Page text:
Cuba Ransomware Group Deploys New Malware | #hacking | #cybersecurity | #infosec | #comptia | #pentest | #ransomware

Kaspersky has uncovered new iterations of the Cuba ransomware group’s Burntcigar malware that uses encrypted data to evade antivirus detection, according to a prepared statement.

The company found these iterations on VirusTotal and noted that some of them managed to evade detection by other security vendors.

What Is Burntcigar Malware?

Burntcigar exploits I/O control codes used for communicating with drivers, Kaspersky indicated. By doing so, Burntcigar lets attackers terminate kernel-level processes.

In addition to Burntcigar, the Cuba ransomware group utilizes the Bughatch backdoor for cyberattacks, Kaspersky noted. Bughatch involves the use of the Windows API to execute an embedded block of shellcode within memory space allocated to it. It then connects to a command-and-control (C2) server and can receive commands to download software.  

A Closer Look at the Cuba Ransomware Group

Cuba refers to a single-file ransomware strain, according to Kaspersky. This strain is difficult to detect due to the fact that it works without the need for additional libraries.

The Cuba ransomware group targets organizations across many industries, including:

  • Finance
  • Government
  • Logistics
  • Manufacturing
  • Retail

To date, the group has attacked organizations in North America, Europe, Oceania and Asia, Kaspersky said. The group uses both public and proprietary tools during its attacks. It also regularly updates its toolkit and utilizes tactics like bring your own vulnerable driver (BYOVD).

Cuba Ransomware Group Alters Compilation Timestamps to Mislead Investigators

Some samples of Cuba ransomware group attacks found in 2020 had a compilation date of June 4, 2020, Kaspersky indicated. Meanwhile, the timestamps on attacks discovered after this date were displayed as originating from June 19, 1992.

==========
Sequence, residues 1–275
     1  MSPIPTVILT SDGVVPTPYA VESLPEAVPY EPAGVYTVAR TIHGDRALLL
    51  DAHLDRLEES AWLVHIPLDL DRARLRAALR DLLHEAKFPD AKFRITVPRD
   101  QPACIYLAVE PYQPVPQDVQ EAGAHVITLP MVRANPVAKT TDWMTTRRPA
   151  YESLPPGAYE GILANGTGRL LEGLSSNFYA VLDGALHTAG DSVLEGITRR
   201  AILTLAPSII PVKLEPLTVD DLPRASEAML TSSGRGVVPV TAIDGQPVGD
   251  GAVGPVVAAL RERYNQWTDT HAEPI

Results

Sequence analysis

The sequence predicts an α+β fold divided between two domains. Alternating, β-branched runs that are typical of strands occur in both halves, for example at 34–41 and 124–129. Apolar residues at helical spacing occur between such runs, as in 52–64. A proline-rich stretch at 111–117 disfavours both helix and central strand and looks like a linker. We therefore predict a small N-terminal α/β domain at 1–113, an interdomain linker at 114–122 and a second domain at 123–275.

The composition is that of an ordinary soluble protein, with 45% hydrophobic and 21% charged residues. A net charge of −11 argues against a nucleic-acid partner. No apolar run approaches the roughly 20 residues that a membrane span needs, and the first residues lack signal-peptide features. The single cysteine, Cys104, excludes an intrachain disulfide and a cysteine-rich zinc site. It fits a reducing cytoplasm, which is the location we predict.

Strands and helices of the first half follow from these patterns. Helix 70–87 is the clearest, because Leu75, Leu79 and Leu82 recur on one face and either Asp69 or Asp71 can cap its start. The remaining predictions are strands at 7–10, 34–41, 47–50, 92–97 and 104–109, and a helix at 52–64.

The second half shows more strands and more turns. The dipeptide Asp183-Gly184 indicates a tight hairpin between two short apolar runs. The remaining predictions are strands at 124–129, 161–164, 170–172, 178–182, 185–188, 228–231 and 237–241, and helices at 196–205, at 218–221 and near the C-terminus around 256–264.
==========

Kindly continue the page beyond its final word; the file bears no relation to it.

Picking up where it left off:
Along with altering timestamps, the Cuba group tailors its attacks to extract financial documents, bank records, company accounts, source code and other sensitive data. The group also remains dynamic and is constantly refining its techniques, Kaspersky pointed out.

How to Protect Against Cuba Ransomware Group Attacks

Kaspersky offers the following tips to help organizations guard against Cuba ransomware group attacks:

  • Keep software up to date.
  • Develop a defense strategy focused on detecting lateral movement and data exfiltration to the internet.
  • Set up offline backups that can be accessed as needed.
  • Deploy ransomware protection across all endpoints.
  • Install solutions for advanced persistent threats (APT) and endpoint detection and response (EDR).
  • Utilize threat intelligence to stay informed about emerging threats.

Also, Kaspersky is providing free access to its Threat Intelligence Resource Hub, which offers independent, continuously updated and globally sourced information about cyberattacks and threats.


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